• To map existing social support schemes, explore opportunities for understanding and making existing schemes more TB-sensitive (qualitative study)
  • To develop interventions to assess the impact of Social Support in TB patients, taking into account income (employment, governmental programs, catastrophic cost), healthy environment, coping and decision making and their social network and their contacts (by a randomized cluster study)
  • To evaluate the impact of the identification of patients with risk of worst outcome in the incidence of tuberculosis infection and illness (by a cohort study)
  • To propose an instrument that identifies the flow and differentiated intersectoralprocedures most appropriate for the cascade of TB taking into account the scenarios proposed by the Ministry of Health (disease burden, program performance, social aspects) and Minister of Social Development scenarios (by a Policy translation case study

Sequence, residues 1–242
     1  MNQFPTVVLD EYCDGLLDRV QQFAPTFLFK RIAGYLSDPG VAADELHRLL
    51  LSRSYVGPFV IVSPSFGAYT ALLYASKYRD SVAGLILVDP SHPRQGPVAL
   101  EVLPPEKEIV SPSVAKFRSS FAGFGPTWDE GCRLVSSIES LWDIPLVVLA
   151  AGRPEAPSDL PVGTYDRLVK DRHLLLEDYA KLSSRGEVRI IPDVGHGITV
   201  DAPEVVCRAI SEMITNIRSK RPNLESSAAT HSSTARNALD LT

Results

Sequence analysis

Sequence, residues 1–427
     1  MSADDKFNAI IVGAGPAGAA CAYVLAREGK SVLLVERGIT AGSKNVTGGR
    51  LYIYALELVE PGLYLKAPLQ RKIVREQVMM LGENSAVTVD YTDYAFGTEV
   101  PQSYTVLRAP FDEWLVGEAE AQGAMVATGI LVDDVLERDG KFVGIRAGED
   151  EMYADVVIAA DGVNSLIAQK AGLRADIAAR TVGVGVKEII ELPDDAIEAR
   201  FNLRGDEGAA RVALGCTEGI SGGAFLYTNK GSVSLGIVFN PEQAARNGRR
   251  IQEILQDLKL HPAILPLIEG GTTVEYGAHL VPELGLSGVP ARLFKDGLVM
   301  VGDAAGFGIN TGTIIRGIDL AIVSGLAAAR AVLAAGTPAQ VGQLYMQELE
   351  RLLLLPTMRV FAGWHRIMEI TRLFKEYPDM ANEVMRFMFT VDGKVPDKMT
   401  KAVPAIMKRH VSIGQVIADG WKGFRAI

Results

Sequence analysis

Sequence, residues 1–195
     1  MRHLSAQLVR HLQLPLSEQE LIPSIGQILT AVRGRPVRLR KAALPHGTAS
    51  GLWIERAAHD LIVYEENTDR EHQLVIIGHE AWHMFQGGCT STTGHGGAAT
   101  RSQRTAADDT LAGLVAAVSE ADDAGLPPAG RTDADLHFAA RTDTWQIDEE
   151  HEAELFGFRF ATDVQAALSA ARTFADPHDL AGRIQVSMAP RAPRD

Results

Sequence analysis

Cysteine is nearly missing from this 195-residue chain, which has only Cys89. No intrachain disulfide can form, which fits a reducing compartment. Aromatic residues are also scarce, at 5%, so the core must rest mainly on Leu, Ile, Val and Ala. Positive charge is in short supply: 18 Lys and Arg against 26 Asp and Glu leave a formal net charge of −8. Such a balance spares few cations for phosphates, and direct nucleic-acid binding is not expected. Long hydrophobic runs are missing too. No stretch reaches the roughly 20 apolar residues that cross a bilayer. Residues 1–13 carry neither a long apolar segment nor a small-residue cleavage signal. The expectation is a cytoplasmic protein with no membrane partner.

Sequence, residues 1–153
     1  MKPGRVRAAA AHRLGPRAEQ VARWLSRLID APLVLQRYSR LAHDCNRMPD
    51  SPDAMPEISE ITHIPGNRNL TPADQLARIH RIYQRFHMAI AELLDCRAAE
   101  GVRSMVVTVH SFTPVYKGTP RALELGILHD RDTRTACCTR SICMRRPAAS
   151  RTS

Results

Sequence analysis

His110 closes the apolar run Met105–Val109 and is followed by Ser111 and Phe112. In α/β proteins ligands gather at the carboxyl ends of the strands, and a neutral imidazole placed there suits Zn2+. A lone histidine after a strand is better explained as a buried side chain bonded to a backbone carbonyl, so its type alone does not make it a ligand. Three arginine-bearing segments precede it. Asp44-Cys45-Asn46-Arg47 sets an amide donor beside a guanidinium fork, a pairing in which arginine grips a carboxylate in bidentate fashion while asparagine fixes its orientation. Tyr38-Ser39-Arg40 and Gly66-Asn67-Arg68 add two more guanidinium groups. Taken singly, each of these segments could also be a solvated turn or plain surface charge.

Contact Person:
Professor Ethel Leonor Noia Maciel, PhD
Universidade Federal do Espirito Santo- UFES Vitoria, Brazil
ethel.maciel@gmail.com

IMPACT TB will implement, evaluate and scale up proven active tuberculosis (TB) case finding and social support interventions in Nepal and Vietnam. The project will determine the effectiveness and cost-effectiveness of different implementation models and examine barriers and enablers for knowledge translation and scale up. In order for effective translation of research findings to policies on active TB case finding and social protection for people with TB, the project actively engages with Ministry of Health in each country, WHO, and the SPARKS network. The project started 2017, with EU funding (Horizon 2020).

Title: Developing a Locally-Appropriate Socioeconomic Support Package For TB-Affected Households In Nepal

Background: WHO’s 2015 End TB Strategy advocates social and economic (socioeconomic) support for TB-affected households to improve TB control.

Rationale: Evidence concerning the most appropriate and impactful socioeconomic support for TB-affected households remains limited, especially in low-income countries.